There was simply no other tool that a developer could use to sketch out a complete user interface and get coding as quickly as VB.
Except Smalltalk on the Xerox Star (1981), ResEdit on Classic Mac (1984), RCS and ORCS on Atari ST (1985), Hypercard (1986), Interface Builder on NeXTstep (1988), and others; Visual Basic came out in 1991, Delphi came out in 1995. Maybe there was no other tool on brain-damaged DOS/Windows systems before VB, I can buy that, but real computers were doing RAD a long time ago.
Alan Cooper, the "father" of Visual Basic, has done some really interesting work with interaction design and user experience, but he didn't invent RAD. VB started life as his project "Tripod", a shell creation tool, basically a user-customizable program launcher or "wizard". Then Microsoft bought it and turned it into "Visual Basic", as a kind of ugly Hypercard (is BASIC a worse language than HyperTalk? Eh.)
VB became famous for a legendary feature called edit-and-continue, which allowed developers to run their programs, find problems, fix them, and then keep going with the new code. This was a sharp difference from almost every other programming environment known to humanity, which force developers to recompile their work and start over after every change.
This is, of course, utterly wrong. Every language with a REPL can do this: You write some code in the REPL, run it, it crashes or produces wrong results, you change the one offending function and resume. All global objects are still present, no recompile necessary.
#;2> (define (hello name) (error 'hello "Unimplemented"))
#;3> (define (greetings) (for-each hello '(Cthulhu YogSothoth ShubNiggurath)))
Error: (hello) Unimplemented
#;4> (define (hello name) (printf "Ia ia, ~A fhtagn!\n" name))
Ia ia, Cthulhu fhtagn!
Ia ia, YogSothoth fhtagn!
Ia ia, ShubNiggurath fhtagn!
The one difference is that to save state, you have to copy-paste out of
.csi_history or whatever. IDLE lets you save off your session history directly, but you still have to edit it into a working script. VB did have the virtue of staying in the live editor, but you're still just coding behind buttons, you have no access to a history or REPL.
(This is why I dislike DrRacket so much: If you edit code, it does destroy your global REPL state! Why even have a fake-REPL there, man?! Command-line Racket doesn't have this problem, but it's still not a great Scheme.)
Just as VB acquired the same power as C#, C# picked up the same conveniences as Visual Basic. For example, .NET’s type safety and memory management features meant that C# developers never needed to worry about memory leaks, just like VB developers.
In other words, C# now had the guardrails to protect hobbyists, students, and new programmers without surrendering its power. All of a sudden, VB was no longer something special. It was just another tool in a capable programmer’s toolkit.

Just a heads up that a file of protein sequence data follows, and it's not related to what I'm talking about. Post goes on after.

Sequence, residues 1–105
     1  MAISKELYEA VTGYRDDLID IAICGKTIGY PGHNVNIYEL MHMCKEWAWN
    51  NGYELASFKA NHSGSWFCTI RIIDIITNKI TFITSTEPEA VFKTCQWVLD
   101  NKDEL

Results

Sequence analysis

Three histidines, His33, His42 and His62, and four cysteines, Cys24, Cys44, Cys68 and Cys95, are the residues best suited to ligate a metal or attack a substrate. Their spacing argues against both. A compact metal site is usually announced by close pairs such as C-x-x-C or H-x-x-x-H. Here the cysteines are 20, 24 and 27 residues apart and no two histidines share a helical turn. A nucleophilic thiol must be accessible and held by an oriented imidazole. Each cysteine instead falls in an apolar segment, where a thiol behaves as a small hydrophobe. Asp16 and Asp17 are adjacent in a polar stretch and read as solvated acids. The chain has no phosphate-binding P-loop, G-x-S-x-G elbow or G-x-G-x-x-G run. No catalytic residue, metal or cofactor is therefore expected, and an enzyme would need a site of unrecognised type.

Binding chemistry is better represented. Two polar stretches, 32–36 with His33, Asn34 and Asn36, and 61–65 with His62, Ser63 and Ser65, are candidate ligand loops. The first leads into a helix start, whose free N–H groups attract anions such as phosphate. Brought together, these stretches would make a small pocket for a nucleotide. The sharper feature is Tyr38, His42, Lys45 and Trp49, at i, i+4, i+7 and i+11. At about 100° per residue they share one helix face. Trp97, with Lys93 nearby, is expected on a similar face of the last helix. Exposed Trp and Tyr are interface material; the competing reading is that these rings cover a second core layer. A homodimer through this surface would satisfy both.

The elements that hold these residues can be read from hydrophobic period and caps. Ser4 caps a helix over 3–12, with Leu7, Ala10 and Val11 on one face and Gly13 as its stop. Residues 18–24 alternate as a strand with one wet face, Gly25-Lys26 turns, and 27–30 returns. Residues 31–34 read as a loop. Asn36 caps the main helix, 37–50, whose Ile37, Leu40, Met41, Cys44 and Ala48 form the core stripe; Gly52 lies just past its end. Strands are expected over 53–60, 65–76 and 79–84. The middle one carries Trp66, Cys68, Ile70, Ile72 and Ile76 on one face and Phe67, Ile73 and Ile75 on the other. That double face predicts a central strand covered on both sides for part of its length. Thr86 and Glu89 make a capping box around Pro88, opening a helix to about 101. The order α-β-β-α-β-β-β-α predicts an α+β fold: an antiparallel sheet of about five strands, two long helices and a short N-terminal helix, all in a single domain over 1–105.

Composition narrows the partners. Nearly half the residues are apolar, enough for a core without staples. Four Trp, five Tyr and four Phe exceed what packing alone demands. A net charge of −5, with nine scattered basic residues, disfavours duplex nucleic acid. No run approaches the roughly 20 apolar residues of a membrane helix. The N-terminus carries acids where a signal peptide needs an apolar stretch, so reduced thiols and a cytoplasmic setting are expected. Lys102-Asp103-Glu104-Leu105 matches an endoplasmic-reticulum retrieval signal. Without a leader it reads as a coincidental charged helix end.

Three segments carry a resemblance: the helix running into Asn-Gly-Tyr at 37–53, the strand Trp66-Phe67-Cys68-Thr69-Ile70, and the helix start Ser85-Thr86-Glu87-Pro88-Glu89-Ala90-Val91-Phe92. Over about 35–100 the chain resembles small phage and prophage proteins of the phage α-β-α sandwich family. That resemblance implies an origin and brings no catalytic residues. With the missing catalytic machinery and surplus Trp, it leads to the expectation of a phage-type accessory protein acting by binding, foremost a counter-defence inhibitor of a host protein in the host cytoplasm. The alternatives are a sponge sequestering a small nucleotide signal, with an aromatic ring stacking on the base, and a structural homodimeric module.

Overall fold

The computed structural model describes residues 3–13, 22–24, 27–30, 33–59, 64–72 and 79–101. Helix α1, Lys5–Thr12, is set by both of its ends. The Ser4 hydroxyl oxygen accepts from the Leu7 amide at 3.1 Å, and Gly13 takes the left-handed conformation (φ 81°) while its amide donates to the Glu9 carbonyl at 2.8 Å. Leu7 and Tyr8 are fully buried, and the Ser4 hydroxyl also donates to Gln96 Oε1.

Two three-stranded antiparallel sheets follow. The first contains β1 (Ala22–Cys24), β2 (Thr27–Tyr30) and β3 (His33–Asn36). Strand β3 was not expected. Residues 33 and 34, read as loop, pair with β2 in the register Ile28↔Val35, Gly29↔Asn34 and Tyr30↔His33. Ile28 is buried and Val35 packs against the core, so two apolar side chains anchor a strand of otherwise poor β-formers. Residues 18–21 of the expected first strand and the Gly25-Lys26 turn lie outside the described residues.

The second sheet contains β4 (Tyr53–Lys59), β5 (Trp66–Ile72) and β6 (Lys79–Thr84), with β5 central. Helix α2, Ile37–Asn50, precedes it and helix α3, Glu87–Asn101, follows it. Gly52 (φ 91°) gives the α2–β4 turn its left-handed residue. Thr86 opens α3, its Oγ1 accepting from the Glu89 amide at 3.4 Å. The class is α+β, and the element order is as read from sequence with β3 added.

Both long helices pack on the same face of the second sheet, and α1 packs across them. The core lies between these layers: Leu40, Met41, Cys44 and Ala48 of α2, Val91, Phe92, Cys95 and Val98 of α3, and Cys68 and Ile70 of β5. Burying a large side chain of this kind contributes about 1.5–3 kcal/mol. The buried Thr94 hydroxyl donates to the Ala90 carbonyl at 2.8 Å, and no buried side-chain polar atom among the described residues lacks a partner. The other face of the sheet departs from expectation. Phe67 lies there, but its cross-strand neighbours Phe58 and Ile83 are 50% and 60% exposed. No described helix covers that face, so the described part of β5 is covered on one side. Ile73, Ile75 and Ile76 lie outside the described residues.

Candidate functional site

Every part of that is… well, not correct.
- My understanding is VB.NET was a mess interacting with .NET resources, so if you used it you were still stuck in the VB gulag or had to learn so much C# or C you might as well move up.
- C# is a hard language to start up in, you would never give it to a newbie and say "good luck!"; although that's what Unity does, and most Unity code is nightmarish as a result.
- C# is certainly not "never need to worry about memory leaks"; it's a Java ripoff with more native libraries, many of which have dangerous C++ based memory management, and in any case you can over-retain things and fill up memory very quickly.
- No capable programmer is going to say "this project is best in… Visual Basic dot Net!" Except on broadcast TV-for-morons.
The one good thing from all this:
An innovative project called QB64 has created a modern QuickBASIC replica. It runs on Windows, MacOS, and Linux, with no emulator required.
OK, this is interesting. Terrible domain name
www.portal.qb64.org though, what is happening there? Just
qb64.org redirects to that mess.
Once you run the
setup_osx.command, it has a
qb64 binary, which opens a DOS-like window with the old DOS qbasic.exe UI. Huh. This isn't bad, though the font is small and the only way to change it is with a custom font. It ships with a
cyberbit.ttf font which is pretty but very
W I D E.
Writing something and hitting
Run|Start dumps an
untitled binary in the main directory. Saving (to the
programs folder in this package) and then hitting the
Run|Output EXE to Source Folder toggle does something more reasonable:
hello_start.command. A trivial program is 1186K, which is excessive, but it does work, opens a terminal and shows some text.
There's a ton of sample code in
program/samples, including a lot of 3D stuff.
This is a pretty credible BASIC environment.
- Structured BASIC, if you want it.
- You can just recompile on every platform.
- No interactive REPL (that was one of the few things classic line-oriented BASIC, or hybrids like ST BASIC, had going for them).
- Slow compile.
- Ugly editor, though probably playing with fonts and colors would improve this.
You'll always be better off just giving a newbie Python, but some people may have old code or nostalgia.
- Chipmunk BASIC is certainly nicer as an interactive environment, but probably hundreds of times slower.